By: Spokesman Newsroom
BASSETERRE, St.Kitts– Retired cricket celebrity 64-year-old Elquemedo Willet, a former athlete of the West Indies Cricket Team, who hails from the sister isle of Nevis, is said to be recovering overseas in the US having undergone neck surgery after falling from one of the stands while at the Charlestown Secondary School sports meet held on the afternoon of Tuesday 20th February.
The incident reportedly took place at a recreational grounds area renamed in his honour in August 2010- The Elquemedo T. Willet Park (formerly Grove Park) which is located in the island’s capital Charlestown.
Well-known Nevisian social media blogger Everton ‘Obi’ Powell- who currently resides in the US- has been keeping his followers and others concerned informed about Willett’s well-being through credible contact with Willet’s friend Ivor W. A. Henry.
“Sad News! I just learn that Nevis first and still Nevis biggest hero Elquemedo Willet had a bad accident. He fell off one of those stands while judging races at the Charlestown Secondary School Sports this afternoon. He is currently in the hospital. It seems like he badly damage his neck. Im told he might be taken to St Kitts or overseas to do an MRI and other tests and to get treatment,” commented Powell in a Facebook post shortly after the incident.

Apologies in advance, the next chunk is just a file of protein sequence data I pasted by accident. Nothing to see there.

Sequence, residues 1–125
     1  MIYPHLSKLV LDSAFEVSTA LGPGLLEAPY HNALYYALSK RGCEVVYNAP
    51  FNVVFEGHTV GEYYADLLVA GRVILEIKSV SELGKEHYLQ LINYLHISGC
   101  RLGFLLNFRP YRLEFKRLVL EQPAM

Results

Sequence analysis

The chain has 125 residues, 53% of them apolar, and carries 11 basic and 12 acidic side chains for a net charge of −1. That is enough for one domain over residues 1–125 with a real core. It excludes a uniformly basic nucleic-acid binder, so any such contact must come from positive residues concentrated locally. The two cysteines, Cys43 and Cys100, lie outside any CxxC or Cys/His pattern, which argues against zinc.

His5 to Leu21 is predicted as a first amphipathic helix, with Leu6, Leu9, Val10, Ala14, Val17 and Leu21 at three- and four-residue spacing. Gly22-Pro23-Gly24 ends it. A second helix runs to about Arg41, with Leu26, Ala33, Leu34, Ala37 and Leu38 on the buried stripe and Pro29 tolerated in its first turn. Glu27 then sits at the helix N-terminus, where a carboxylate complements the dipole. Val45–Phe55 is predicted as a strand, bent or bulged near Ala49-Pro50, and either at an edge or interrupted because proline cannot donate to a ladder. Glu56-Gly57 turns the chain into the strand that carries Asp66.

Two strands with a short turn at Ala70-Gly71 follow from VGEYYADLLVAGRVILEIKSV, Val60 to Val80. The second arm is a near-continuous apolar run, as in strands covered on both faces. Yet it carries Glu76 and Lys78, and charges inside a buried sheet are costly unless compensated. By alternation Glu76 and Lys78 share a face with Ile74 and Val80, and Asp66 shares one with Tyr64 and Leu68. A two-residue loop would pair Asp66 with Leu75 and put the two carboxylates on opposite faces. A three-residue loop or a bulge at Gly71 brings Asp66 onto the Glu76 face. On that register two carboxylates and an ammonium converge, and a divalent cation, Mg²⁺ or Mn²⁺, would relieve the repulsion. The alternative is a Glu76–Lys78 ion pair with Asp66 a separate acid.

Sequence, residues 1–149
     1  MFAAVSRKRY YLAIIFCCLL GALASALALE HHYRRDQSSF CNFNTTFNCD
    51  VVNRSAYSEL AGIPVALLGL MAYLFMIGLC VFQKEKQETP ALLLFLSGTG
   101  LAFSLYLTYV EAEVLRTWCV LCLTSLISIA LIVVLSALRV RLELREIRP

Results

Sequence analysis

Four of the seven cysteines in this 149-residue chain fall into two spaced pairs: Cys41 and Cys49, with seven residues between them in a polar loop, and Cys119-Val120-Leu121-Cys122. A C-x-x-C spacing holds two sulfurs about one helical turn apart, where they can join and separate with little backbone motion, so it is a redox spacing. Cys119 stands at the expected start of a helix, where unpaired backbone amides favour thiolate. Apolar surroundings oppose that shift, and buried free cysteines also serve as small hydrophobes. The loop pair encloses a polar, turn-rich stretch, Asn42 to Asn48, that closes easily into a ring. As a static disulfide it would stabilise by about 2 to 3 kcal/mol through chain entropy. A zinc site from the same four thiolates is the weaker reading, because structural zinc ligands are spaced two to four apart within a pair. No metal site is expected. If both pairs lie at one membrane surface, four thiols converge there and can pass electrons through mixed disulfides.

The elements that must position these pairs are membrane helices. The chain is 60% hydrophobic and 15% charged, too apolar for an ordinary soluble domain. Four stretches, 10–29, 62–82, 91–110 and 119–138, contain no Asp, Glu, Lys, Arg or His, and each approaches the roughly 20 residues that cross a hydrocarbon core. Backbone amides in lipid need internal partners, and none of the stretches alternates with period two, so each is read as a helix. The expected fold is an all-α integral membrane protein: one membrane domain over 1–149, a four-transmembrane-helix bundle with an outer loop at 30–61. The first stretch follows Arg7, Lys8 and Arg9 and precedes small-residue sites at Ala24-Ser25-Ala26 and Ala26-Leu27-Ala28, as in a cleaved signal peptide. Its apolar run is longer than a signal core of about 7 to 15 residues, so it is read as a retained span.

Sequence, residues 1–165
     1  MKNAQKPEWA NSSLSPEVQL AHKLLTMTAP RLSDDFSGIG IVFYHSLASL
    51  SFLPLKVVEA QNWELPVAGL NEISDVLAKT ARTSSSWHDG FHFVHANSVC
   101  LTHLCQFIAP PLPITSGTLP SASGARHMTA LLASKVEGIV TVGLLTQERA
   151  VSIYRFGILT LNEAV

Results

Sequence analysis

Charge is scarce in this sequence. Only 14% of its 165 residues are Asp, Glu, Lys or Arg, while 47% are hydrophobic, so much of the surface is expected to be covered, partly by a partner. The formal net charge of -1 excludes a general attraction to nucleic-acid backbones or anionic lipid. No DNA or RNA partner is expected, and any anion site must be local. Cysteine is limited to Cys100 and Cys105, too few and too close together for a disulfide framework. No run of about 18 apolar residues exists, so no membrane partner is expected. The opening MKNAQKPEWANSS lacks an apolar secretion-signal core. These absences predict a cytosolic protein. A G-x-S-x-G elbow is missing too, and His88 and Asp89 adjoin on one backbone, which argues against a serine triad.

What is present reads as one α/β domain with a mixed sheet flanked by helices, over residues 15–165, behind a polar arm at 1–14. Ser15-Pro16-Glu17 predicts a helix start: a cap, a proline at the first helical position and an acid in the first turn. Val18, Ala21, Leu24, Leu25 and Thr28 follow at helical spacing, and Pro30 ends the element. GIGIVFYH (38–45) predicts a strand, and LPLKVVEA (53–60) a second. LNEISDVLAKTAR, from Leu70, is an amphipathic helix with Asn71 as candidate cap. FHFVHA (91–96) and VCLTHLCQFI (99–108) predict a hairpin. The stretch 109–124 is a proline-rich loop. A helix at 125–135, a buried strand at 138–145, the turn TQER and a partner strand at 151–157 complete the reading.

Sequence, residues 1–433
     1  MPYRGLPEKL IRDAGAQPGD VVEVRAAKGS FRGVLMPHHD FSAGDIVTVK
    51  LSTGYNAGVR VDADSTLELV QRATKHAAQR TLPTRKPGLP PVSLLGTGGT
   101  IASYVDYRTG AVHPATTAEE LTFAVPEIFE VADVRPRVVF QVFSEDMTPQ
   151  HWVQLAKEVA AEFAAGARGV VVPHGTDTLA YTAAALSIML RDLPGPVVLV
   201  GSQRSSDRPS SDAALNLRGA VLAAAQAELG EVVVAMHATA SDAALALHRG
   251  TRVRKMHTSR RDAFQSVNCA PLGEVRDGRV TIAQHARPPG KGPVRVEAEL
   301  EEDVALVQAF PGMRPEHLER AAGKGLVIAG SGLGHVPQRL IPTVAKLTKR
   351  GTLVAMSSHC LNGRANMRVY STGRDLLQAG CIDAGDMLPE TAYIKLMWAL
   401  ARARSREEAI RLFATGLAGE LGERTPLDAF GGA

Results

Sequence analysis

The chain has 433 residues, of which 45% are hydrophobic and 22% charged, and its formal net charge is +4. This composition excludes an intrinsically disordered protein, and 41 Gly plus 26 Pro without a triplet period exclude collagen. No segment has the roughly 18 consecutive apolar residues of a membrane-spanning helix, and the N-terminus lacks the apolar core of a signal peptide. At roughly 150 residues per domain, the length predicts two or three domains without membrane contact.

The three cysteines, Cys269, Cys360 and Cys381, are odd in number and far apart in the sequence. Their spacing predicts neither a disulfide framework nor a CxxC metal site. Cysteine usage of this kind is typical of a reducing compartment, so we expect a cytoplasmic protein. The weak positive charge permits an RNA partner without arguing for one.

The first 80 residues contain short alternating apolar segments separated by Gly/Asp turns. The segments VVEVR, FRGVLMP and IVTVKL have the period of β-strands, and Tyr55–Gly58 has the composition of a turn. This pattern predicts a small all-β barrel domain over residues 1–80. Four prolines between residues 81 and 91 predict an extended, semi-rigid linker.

A photo displayed on Henry’s Facebook page on Monday 26th February showed him and Willett wearing a neck brace in a vehicle with the caption: “The great man Elquomedo Willet is out of Jackson Memorial Hospital. We are on the move. Prayers still needed.”
That photo too was shared on Powell’s page.
Information gleaned from www.espncricinfo.com highlights that “Nevis-born slow left-armer Elquemedo Willett was the first man from the Leeward Islands to play for West Indies when he made his debut as a 19-year-old against Australia in 1972-73.”
Furthermore, “He took two wickets, and five in the next two Tests – including his best of 3 for 33 at Port-of-Spain. In was enough to ensure he toured England in 1973, where he took 30 wickets but was unable to break into the Test side. He then toured India and Pakistan in 1974-75, taking two wickets in each of his Tests. But in an era when selectorial consistency was not to the fore, another chance never came, and with the advent of West Indies all-pace attack, he faded into the shadows, although he carried on playing for another 14 seasons. While his impact on the field was limited, his inclusion in the West Indies side had a massive impact on cricket in the Caribbean’s smaller islands, where players had hitherto felt ignored.”
This media house understands that the Nevis Island Administration is being criticised for not assisting Willett.
“A government for all its people and not some of the people is badly needed in St Kitts and Nevis. Need I say more? Enough said,” was a caption posted by Henry on Tuesday this week (27th February) displaying four photographs which featured Willett after being released from the hospital.
One of those images spotlighted by Powell has the following caption: “Pic of the Day – Great to see a smiling Willet with his wife and Ivor. Thanks to the great work of the doctor and hospital staff and all who helped in the process.”